A knot diagram is a picture of a projection of a knot onto a plane. Usually, only double points are allowed (no more
than two points are allowed to be superposed), and the double or crossing points
must be "genuine crossings" which transverse in the plane. This means that
double points must look like the above left diagram, and not the above right one.
Also, it is usually demanded that a knot diagram contain the information if the crossings
are overcrossings or undercrossings so that the original knot can be reconstructed.

The knot diagram of the trefoil knot is illustrated
above.

Knot polynomials can be computed from knot diagrams. Such polynomials often (but not always) allow the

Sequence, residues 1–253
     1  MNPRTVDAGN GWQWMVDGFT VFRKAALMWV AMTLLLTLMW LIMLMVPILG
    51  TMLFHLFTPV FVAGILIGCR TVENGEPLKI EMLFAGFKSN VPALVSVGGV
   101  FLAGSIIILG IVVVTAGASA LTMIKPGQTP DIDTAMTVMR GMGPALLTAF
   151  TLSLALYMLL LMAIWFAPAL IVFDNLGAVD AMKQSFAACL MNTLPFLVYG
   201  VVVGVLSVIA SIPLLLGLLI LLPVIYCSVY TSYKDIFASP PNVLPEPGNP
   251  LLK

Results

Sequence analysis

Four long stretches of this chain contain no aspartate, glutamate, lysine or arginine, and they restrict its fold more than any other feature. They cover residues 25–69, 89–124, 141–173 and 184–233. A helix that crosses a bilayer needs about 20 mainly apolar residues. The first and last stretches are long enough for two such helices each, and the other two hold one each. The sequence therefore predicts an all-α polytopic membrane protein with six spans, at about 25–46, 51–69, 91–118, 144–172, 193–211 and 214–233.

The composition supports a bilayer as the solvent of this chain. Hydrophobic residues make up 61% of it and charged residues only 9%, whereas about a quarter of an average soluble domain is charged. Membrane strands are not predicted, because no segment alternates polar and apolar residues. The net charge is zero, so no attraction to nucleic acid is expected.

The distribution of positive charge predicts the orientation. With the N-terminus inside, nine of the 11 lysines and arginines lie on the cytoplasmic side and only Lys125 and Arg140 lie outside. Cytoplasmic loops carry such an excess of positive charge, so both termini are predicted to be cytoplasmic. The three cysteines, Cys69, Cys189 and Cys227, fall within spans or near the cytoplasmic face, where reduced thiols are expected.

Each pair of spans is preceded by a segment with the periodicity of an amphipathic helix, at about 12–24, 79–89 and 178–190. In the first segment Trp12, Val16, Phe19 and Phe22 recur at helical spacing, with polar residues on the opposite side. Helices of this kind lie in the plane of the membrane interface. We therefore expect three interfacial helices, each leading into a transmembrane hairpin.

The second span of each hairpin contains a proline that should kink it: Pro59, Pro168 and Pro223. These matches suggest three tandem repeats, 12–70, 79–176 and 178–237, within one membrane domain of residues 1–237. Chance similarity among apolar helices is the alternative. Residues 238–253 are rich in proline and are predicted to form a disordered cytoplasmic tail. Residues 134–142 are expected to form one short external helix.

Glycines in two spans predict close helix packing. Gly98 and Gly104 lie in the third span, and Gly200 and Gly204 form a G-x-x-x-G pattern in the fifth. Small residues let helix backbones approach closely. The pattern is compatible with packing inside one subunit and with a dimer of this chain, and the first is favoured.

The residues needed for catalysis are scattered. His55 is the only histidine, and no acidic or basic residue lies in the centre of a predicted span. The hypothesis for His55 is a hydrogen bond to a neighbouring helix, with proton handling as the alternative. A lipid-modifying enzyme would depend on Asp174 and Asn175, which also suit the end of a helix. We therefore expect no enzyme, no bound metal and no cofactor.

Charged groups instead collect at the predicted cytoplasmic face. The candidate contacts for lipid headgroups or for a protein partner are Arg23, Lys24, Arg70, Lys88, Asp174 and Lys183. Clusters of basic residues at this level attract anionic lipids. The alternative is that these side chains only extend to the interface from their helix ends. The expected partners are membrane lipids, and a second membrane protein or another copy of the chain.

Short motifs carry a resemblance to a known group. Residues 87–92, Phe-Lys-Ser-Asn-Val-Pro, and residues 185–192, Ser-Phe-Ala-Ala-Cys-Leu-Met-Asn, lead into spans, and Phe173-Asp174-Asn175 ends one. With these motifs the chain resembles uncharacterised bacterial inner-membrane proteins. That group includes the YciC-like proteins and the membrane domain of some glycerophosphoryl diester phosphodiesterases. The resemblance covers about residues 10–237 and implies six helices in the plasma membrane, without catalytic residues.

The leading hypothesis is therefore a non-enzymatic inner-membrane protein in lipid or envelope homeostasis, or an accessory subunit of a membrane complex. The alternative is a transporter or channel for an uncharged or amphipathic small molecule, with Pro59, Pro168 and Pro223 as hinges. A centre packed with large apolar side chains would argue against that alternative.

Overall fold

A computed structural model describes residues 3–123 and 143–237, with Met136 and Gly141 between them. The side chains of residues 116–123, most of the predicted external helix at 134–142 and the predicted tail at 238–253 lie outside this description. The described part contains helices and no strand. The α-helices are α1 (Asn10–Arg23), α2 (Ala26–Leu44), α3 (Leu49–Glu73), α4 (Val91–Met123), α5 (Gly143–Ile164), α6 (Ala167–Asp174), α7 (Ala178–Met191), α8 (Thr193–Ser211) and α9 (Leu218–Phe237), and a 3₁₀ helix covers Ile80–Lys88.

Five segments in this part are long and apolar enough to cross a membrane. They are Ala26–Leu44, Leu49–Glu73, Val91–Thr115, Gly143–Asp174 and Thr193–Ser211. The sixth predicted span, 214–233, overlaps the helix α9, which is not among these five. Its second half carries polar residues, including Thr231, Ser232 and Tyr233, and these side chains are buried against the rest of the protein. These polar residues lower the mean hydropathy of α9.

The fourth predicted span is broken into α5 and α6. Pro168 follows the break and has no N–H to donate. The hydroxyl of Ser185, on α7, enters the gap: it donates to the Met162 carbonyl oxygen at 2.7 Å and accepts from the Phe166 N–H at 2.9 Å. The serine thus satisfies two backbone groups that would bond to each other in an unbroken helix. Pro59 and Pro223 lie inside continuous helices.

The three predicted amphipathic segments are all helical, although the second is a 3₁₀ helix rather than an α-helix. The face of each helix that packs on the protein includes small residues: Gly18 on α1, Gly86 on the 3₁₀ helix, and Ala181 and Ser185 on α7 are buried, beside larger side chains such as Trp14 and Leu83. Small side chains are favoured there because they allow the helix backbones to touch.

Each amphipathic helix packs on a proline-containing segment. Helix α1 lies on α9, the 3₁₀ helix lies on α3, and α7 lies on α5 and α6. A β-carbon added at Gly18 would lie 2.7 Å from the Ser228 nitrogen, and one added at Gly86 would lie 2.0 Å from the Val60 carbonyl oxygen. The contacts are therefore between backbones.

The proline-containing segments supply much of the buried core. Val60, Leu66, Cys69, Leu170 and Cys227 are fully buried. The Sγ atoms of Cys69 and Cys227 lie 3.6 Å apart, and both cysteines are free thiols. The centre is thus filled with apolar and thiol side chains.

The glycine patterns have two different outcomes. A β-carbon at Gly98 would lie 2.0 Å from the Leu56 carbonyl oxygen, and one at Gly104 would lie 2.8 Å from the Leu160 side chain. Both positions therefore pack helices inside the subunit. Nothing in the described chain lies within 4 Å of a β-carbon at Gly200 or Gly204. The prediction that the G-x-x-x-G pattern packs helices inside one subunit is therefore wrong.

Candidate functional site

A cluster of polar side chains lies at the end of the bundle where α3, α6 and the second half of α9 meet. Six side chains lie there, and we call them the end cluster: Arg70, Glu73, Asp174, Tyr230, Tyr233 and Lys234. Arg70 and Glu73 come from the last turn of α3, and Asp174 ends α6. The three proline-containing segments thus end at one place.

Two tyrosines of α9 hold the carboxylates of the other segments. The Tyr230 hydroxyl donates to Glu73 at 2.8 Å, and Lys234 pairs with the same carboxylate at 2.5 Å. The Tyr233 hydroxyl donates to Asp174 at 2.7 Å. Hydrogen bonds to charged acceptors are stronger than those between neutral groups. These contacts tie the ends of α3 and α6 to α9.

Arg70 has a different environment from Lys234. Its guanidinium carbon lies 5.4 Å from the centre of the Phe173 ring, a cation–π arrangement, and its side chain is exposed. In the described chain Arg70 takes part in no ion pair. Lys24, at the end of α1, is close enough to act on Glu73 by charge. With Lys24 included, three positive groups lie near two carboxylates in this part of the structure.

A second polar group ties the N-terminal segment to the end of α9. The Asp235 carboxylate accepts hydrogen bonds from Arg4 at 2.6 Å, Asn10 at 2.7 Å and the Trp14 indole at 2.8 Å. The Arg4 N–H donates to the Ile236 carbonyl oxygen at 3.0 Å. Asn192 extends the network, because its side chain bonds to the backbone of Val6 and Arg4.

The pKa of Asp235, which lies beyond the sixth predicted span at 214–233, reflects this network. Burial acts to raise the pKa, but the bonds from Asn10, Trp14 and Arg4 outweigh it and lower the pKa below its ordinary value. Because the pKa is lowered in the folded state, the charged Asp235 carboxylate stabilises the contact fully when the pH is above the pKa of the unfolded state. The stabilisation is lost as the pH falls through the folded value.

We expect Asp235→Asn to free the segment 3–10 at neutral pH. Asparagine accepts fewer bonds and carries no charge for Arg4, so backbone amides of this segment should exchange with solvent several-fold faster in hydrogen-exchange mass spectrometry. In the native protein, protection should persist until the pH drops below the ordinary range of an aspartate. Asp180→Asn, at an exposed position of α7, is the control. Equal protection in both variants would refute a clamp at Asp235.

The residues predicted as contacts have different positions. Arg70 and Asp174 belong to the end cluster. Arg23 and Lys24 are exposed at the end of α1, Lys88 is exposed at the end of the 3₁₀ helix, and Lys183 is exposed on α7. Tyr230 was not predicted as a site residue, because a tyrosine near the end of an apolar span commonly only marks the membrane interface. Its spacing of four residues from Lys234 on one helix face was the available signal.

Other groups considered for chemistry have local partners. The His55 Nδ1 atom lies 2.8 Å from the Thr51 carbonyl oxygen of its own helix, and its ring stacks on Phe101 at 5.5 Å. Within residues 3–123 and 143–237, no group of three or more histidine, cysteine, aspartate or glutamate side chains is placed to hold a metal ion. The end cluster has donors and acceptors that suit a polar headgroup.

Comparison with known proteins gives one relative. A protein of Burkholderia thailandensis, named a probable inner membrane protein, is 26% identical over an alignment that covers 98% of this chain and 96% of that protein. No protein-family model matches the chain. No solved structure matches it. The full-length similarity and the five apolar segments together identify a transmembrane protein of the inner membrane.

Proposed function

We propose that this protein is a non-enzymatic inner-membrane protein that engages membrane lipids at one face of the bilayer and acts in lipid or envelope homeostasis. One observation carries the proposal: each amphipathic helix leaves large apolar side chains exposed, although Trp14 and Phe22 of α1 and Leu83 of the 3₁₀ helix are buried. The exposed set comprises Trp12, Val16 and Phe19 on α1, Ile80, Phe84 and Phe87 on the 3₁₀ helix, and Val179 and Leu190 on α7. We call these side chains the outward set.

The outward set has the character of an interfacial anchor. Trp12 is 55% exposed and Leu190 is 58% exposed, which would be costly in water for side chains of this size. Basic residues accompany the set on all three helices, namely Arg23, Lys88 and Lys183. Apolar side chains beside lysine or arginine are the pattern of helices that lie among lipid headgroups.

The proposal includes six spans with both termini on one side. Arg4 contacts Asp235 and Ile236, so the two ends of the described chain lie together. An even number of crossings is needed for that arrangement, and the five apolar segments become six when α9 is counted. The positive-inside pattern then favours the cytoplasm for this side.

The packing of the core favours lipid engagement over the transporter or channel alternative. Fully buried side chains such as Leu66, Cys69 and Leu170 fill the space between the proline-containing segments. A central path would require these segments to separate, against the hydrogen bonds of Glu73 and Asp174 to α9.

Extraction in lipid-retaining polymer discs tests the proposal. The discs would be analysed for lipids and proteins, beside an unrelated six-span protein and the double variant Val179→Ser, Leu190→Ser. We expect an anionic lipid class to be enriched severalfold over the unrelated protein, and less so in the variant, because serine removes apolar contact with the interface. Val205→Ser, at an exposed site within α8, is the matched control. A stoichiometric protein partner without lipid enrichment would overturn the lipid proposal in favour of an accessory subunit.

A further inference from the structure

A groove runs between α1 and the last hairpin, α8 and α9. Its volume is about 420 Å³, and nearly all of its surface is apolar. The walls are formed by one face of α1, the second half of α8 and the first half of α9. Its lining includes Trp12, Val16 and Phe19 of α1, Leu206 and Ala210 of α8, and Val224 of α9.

knots corresponding to given diagrams to be uniquely identified.

Rolfsen (1976) gives a table of knot diagrams for knots up to 10 crossings and links up to four components and 9 crossings. Adams (1994) gives a smaller table of knots diagrams up to 9 crossings, two-component links up to 8 crossings, and three-component links up to 7 crossings. Livingston (1993) gives a list of diagrams for knots up to nine crossings.

Adams, C. C. "Table of Knots, Links, and Knot and Link Invariants." Appendix in The
Knot Book: An Elementary Introduction to the Mathematical Theory of Knots.
New York: W. H. Freeman, pp. 279-290, 1994.Hoste, J.; Thistlethwaite,
M.; and Weeks, J. "The First Knots." Math. Intell.20, 33-48,
Fall 1998.Livingston, C. "Knot Table." Appendix 1 in Knot
Theory. Washington, DC: Math. Assoc. Amer., pp. 221-228, 1993.Rolfsen,
D. "Table of Knots and Links." Appendix C in Knots
and Links. Wilmington, DE: Publish or Perish Press, pp. 388-429, 1976.